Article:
HAMM: Obviously, what you desperately don’t want to do is be false, but that translates into any performance. It was such a pleasure to meet not only JB, but Rinku and Dinesh, and everyone who’s involved in this whole story. The last thing you want to do is offend and portray them in some way that rings false. It’s just a testament to Tommy’s wonderful script that he got everybody on the page. When I read it and, I didn’t realize it was a true story until I looked back to the front page. I was like, “Wait, this is crazy!” Tommy is a wonderful writer and he has the ability to make what seems like a simple story resonate in a way that brings so much more to it. You see that in his films. You see it in The Visitor, and in Win-Win. He’s able to take this story, which on its face is an amazing, impossible, unbelievable story, and he imbues it with so much more emotion and love. It’s hard to talk about without sounding hokey, but it just has this beautiful sensibility to it. I’m a sucker for that. It makes me feel something, and that’s a nice thing. It’s nice, when the lights come up at the end of the movie, to not be like, “What did I just watch.?” This is the kind of movie where you either feel something emotional, or you want to be a better person. And this is the kind of movie that’s a pleasure to be a part of. I do think that it is relatable and utterly moving. That kind of hard work is undeniable and a beautifully moving thing.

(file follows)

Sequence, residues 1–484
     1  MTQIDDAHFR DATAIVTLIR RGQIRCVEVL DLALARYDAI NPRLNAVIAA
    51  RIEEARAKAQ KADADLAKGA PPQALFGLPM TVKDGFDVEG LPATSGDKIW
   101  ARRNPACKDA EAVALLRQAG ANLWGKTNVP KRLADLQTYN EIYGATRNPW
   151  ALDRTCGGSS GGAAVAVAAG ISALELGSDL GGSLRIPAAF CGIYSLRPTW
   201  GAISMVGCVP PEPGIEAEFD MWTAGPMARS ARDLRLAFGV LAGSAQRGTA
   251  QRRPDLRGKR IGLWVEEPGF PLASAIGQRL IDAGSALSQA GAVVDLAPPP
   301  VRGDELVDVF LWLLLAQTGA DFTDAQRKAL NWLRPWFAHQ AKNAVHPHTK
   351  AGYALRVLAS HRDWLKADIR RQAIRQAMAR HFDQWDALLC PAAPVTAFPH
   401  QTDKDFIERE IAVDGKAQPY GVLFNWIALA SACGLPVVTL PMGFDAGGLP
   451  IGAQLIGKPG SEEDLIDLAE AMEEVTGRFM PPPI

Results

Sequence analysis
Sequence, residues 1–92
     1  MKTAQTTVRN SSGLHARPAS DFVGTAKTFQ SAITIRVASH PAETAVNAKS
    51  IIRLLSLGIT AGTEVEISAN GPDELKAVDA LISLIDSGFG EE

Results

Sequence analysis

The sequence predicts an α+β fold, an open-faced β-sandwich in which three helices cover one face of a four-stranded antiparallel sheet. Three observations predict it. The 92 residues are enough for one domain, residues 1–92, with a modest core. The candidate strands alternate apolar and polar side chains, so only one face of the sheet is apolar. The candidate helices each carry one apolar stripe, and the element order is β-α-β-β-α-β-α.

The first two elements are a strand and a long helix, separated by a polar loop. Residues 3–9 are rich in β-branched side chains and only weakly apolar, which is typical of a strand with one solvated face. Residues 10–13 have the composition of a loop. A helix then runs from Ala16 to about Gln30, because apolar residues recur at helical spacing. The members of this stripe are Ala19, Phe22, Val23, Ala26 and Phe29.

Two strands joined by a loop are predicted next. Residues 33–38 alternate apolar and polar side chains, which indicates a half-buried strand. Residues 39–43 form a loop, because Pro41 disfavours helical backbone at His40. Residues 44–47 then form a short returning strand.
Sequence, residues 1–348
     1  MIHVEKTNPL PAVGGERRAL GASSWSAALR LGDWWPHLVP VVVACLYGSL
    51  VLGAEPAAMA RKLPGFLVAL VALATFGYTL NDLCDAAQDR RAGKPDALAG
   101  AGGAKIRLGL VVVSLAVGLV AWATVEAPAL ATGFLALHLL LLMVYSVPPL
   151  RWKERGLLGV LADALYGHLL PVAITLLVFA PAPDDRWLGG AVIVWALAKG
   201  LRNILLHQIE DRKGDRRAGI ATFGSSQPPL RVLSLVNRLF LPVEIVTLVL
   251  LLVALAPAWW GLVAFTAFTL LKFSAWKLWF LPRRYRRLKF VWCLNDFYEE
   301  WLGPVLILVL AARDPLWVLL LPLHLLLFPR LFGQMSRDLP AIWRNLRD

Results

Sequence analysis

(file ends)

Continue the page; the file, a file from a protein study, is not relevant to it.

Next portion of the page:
Rinku, what was it like to watch Suraj Sharma portray you?